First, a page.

Photo: AP

On Wednesday, U.S. Army Captain Nathan Michael Smith sued President Obama, alleging that he does not have the legal authority to wage war against ISIS in Iraq and Syria.

In the suit, filed in U.S. District Court in Washington, Smith asks the court to tell the president that “he must get proper authority from Congress, under the War Powers Resolution, to wage the war against ISIS.”

Photo: U.S. Army/New York Times

The Obama administration maintains that its authorization to fight the terrorist group comes from the 2001 Authorization for Use of Military Force, enacted by Congress after September 11, 2001, to fight Al Qaeda. The Islamic State began as an Al Qaeda splinter group.

In his lawsuit, Smith argues that this interpretation of the 2001 A.U.M.F. is unconstitutional and reckless. Moreover, he argues, the Obama administration has never made public any legal opinions written by the Office of Legal Counsel or the White House Counsel—“the institutional arbiters of executive legality”—justifying the military’s involvement in the fight against ISIS past the 60-day limit set by the War Powers Resolution, which ostensibly requires Congressional authorization.

In fact, the suit suggests, it is possible that OLC and the White House Counsel were never consulted at all. The White House deflected the McClatchy news service’s efforts last year to determine whether the president sought any written legal analysis from his counsel.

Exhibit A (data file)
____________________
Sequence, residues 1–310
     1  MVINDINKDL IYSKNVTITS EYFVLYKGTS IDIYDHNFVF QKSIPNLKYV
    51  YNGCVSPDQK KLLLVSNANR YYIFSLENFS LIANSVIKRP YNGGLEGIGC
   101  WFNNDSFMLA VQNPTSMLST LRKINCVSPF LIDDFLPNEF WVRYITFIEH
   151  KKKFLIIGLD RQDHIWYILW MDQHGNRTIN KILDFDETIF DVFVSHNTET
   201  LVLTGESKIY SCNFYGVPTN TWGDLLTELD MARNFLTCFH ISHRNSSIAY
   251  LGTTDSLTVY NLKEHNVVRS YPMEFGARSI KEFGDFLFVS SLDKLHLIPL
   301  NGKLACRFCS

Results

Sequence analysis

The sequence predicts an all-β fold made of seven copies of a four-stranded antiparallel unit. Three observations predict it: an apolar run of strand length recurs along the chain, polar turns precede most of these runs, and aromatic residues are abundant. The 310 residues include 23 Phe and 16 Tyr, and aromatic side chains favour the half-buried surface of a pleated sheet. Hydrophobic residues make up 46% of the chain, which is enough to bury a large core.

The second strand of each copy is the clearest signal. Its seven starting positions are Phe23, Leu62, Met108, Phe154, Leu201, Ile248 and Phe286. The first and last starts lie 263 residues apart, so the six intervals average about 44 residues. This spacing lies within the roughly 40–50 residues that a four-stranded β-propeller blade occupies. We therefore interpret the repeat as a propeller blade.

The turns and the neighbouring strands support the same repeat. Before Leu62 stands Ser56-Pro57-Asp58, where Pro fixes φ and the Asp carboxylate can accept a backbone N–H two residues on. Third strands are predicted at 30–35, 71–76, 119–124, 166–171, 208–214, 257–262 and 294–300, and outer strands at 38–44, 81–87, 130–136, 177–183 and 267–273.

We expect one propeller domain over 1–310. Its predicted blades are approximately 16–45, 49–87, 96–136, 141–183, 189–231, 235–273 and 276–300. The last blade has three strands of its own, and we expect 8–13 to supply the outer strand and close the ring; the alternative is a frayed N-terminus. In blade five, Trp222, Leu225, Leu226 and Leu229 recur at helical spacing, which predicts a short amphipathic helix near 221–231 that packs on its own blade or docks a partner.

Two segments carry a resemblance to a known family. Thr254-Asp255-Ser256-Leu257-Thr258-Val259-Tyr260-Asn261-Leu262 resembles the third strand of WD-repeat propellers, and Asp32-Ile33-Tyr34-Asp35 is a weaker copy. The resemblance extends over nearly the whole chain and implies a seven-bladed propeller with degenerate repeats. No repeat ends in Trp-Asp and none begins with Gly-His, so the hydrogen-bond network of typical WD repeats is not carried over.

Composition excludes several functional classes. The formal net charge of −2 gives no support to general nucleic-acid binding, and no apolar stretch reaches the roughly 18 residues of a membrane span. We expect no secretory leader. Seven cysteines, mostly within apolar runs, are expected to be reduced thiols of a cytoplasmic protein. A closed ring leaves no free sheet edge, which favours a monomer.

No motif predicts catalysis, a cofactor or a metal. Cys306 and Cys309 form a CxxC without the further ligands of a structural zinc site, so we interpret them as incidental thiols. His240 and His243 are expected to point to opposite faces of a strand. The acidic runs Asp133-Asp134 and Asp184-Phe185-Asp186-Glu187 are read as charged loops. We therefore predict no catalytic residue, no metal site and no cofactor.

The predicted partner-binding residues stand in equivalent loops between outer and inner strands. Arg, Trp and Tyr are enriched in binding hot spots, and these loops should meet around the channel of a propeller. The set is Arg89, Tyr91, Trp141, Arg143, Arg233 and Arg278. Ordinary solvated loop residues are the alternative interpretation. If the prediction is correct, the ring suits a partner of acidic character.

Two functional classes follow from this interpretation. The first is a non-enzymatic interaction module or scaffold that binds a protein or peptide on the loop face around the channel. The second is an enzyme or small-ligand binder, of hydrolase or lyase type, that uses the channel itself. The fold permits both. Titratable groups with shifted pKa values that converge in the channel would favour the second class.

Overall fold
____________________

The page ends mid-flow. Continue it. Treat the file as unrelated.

When it comes to Syria and Iraq, the administration “has clearly articulated our legal authorities in numerous public venues including White House press briefings, congressional testimonies and other forums,” said a White House official who is knowledgeable of the issue but wasn’t authorized to speak publicly as a matter of practice.

The president’s legal team “engaged with lawyers from key departments and agencies in discussions about the underlying authorities for those actions,” said the White House official.

But which lawyers, and from which departments and agencies, has not been made public, McClatchy reported.

According to the Associated Press, several members of Congress have advocated for a new authorization. The White House even sent a draft version to Capitol Hill. But nobody actually wants to vote on it.

“We’re in a terrible equilibrium where Congress doesn’t want to step up and play its part in this military campaign and so the president has basically gone forward and done what he thinks he needs to do,” Jack Goldsmith, a Harvard Law School professor critical of Obama’s interpretation of the 2001 A.U.M.F., told the New York Times. “It would be a lot better for everyone, including the president, if Congress got more involved.”